9:33 PM:  After having to endure two Verizon ads in just the first hour, I may cancel my FIOS service the moment the ceremony is over.  Also, I have no plans to be Disney's guest on March 17.  Maybe I will go look for a VCR tape of the animated version that I can hold up to the light because I can't play it on a VCR.

9:30 PM:  The bummer about that Arrival win -- Sully was also nominated, and Sully was a really good movie that deserved more Oscar love and which I really wish I'd gone back to see a second time, and it doesn't even get a consolation prize.  I really, really, really liked Sully.  It would be on my Ten Best for 2016, hands down.

9:28 PM:  In honor of Arrival winning, I will doze off for most of the acceptance speech, wake up near the end, and decide I woke up too soon.

9:23 PM:  That was a nice Walmart ad, which doesn't make it any less soul deadening for me to walk into a Walmart.  Also, maybe Verizon should hire a good advertising agency, like the one AT&T is using.

9:19 PM:  Lesson to writers:  do not clutter up your movie with unnecessary flourishes the way the Oscar performance of "How Far I'll Go" had those people with blue flags going back and forth in the background for not particular purpose.

9:14 PM:  Was Caroline Waterlow tearing up in the background during Ezra Klein's acceptance speech for OJ: Made in America?  And an excellent speech; dispensed with the laundry list to focus on the actual crime that underlying the movie.

9:11 PM:  As noted in my pre-Oscar blog post, I consider OJ: Made in America to be the Best Picture, the real Best Picture.  Not just the best long form documentary.  It's worth seeing.  All eight hours of it.

9:11 PM:  One of the NY Times reporters live chatting is with me -- quietly pulling for Hidden Figures to surprise us at the end of the night.

9:05 PM:  Unintended relevance.  Bill Paxton shows up in a Titanic clip in a Rolex ad.

9:03 PM:  SInce I have never wanted to buy a car, I don't understand why there are so many ads for them.

9:02 PM:  I wonder how many Oscar pool ballots have been wrecked by having Fantastic Beasts win for Costume Design?  Was that going to be a thing?  Also, we can now say with reasonable assurance that La La Land will not be tying any records for Oscars actually won.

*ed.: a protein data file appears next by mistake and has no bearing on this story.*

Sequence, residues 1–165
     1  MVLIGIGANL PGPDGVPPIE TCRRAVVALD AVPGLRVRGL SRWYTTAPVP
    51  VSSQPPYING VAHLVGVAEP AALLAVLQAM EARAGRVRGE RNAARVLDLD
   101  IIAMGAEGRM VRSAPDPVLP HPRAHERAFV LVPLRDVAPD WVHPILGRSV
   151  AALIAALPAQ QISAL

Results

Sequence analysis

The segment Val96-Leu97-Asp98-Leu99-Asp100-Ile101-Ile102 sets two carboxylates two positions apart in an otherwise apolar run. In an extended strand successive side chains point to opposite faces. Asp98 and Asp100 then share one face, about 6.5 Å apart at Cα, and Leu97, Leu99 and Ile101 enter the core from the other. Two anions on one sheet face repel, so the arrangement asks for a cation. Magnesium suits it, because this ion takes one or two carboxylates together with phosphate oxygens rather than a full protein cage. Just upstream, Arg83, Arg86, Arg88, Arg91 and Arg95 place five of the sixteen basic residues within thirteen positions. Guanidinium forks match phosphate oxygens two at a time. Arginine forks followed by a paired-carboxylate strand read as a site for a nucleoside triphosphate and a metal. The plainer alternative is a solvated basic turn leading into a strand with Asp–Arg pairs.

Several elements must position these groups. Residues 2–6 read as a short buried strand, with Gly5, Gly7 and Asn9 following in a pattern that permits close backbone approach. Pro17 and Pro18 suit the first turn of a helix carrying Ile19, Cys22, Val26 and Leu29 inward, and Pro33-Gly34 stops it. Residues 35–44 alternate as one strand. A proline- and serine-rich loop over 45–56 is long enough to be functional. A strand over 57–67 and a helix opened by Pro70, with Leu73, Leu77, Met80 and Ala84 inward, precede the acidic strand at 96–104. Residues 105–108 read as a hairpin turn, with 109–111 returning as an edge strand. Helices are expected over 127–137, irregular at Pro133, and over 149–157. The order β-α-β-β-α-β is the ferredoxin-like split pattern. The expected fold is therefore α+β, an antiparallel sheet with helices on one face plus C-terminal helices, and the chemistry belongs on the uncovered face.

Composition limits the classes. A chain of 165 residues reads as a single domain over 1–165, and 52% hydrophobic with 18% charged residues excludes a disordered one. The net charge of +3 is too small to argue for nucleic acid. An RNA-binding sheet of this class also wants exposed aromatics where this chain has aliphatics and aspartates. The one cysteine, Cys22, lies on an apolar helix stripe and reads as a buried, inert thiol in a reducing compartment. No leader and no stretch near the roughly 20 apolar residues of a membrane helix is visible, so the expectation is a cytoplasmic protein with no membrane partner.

8:53 PM:  I said to myself before the ceremony, "please, no Verizon ads with the guy holding the mic." Anything can win the awards now, it won't be more disappointing than seeing one of these crappy Verizon ads.

8:50 PM:  I'll consider this to be the award for his role in Hidden Figures.  Because when it comes to Moonlight, there were four other performances which the clips reminded me how much I enjoyed relative to the winning one.

8:45 PM:  Not bad, unless you're Matt Damon.  Working to the host's particular strengths, and doesn't seem like a monologue four other people could have given.

8:41 PM:  "We didn't see Elle, but we absolutely loved it.". Well, see it!

8:40 PM:  Jeff Bezos and I are each "JB" yet he is at the Oscars, and I am just watching it.

8:38 PM:  "Remember last year when it seemed like the Oscars were racist."

8:37 PM:  Sadly, the 230 countries that hate us is most likely correct.

8:35 PM:  Honestly, it can only go downhill from here.

8:33 PM:  Um, no idea what this has to do with the business at hand, but I will never complain if someone wants to bring Justin Timberlake into my living room.   Maybe he could host the Oscars some year.  And the people in the audience seems to be enjoying it.

8:20 PM:  I got a devil's food cheesecake and chocolate cupcake from Juniors, a German chocolate slice from Amy's Bread, and a couple cookies from Empire Cake.  Even though I've been 2:20 on the bike and elliptical today, I should maybe try not to eat all of them?

8:12 PM:  18 minutes to go.  Oscar live blog!!

Ready, Set, Oscar!

The Oscars are a little over an hour away, and I reckon I shall do that old-fashioned live blog things again, so that my thoughts do not need to be burped out 140 words at a time.

Last year, I was passionate about the MIA Oscar for Straight Outta Compton, which was a great movie that was left looking for stray drops of wine in the discarded bottles from the Oscar party.  This year the feeling's a bit different, because I'm not a big fan of Moonlight, or at least the half of it that I endured before walking out.  And Moonlight is considered a lock to win the Adapted Screenplay award, and near to a lock for Supporting Actor. And the movie didn't do it for me. My one lasting impression is of repeated overly artsy shots of people emerging in the frame out of focus and then, belatedly, does the focus puller decide to actually start pulling the people into focus.  I wasn't engaged by the story.